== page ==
This answer steered the conversation in a very interesting direction, we talked about how sometimes we fail to let go of something in our lives…and in the process of holding on, we probably miss out on other opportunities, wasting time, energy, and resources.  We avoid necessary changes, just because we do not want to face “not having something”to fill the space.  Basically, the fear of letting go, the fear of change, is the fear of having a void in our life.  We think that having a void in our life equals that we will be “lacking” something…This understanding prevents us from creating a place (un-occuping the space) for something that might ultimately be better for us.  Had we  embraced the void, had we un-occupied the space, we would’ve created a place for that which was better for us sooner, rather than later. 

Another example of how voids are viewed from a negative perspective is the notion of “ending”.  An ending is a change that leaves a void, or emptiness.  Nothing comes after the end, right?  

Dr. Henry Cloud wrote a book titled “Necessary Endings“, in it he talks about the notion of pruning…of how roses need to be pruned, because they produce more buds that they can sustain…thus, if a gardener wants his roses to blossom, some buds need to be pruned in order for other buds to blossom.  In our lives, we face similar decisions, we need to face some changes that leave voids…however those voids are not negative, they are necessary because those voids create the conditions for other aspects of our life to blossom. 

Facing Christian faith seems sometimes like facing a Void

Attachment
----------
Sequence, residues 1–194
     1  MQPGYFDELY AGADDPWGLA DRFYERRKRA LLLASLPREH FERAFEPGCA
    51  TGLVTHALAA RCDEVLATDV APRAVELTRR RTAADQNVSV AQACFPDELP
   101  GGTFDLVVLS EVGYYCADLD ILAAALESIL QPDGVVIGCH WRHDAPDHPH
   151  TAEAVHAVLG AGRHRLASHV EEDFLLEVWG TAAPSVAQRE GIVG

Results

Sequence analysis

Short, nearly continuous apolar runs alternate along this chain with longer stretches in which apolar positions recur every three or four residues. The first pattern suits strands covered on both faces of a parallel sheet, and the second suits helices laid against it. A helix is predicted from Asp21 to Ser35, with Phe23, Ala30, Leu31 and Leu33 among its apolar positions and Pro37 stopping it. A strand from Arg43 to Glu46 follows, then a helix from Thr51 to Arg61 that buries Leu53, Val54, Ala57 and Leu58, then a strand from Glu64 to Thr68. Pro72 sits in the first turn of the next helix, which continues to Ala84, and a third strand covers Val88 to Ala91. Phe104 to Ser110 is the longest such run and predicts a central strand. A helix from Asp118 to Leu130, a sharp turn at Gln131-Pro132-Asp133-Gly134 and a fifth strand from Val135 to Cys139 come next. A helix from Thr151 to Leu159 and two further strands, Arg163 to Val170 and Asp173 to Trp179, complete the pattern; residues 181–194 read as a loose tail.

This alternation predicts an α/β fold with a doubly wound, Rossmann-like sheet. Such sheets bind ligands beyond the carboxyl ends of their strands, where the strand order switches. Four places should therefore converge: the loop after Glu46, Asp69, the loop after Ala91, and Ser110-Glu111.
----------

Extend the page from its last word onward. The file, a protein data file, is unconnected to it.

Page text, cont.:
In many ways, faith is like a void. Not the negative, one-sided notion of void…but the real notion of void.  

From what I have come to understand, a void has two aspects; 
1) The absence of that which should ordinarily fill a space, and 
2) the potential for what could take its place. 

In Hebrews 11:1, the bible defines faith as “the substance of things hoped for, the evidence of things not seen”.  

Faith calls us to create a place for something that is not there yet…it calls us to hope, to embrace the potential of what is to come through Jesus.  If we have a wrong understanding of what faith is, we will avoid it…like we try to avoid the voids in life…however, if we could re-examine our notion of faith, taking a closer look, and seeking a better understanding, perhaps we wouldn’t avoid it, and we could even embrace it.

Today I went to Starbucks for my customary Iced-Chai.  For the last month, there has been a little tree with pink flowers to celebrate Chinese New Year…today they took it down, this reminded me of the changes we face, the voids we fear, the endings we avoid, pruning and faith. 

A bit random, I know…